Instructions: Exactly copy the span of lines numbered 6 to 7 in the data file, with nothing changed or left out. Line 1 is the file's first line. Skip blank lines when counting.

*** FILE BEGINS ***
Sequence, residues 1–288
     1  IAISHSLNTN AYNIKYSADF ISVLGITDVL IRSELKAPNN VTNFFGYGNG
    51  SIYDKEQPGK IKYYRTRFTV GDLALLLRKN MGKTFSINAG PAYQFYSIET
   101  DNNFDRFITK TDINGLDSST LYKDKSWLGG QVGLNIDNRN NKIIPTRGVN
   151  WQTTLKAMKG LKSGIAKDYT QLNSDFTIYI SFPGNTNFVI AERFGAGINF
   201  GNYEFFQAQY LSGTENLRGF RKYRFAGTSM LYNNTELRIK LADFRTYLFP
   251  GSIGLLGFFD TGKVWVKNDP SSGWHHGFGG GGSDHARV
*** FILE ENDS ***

   201  GNYEFFQAQY LSGTENLRGF RKYRFAGTSM LYNNTELRIK LADFRTYLFP
   251  GSIGLLGFFD TGKVWVKNDP SSGWHHGFGG GGSDHARV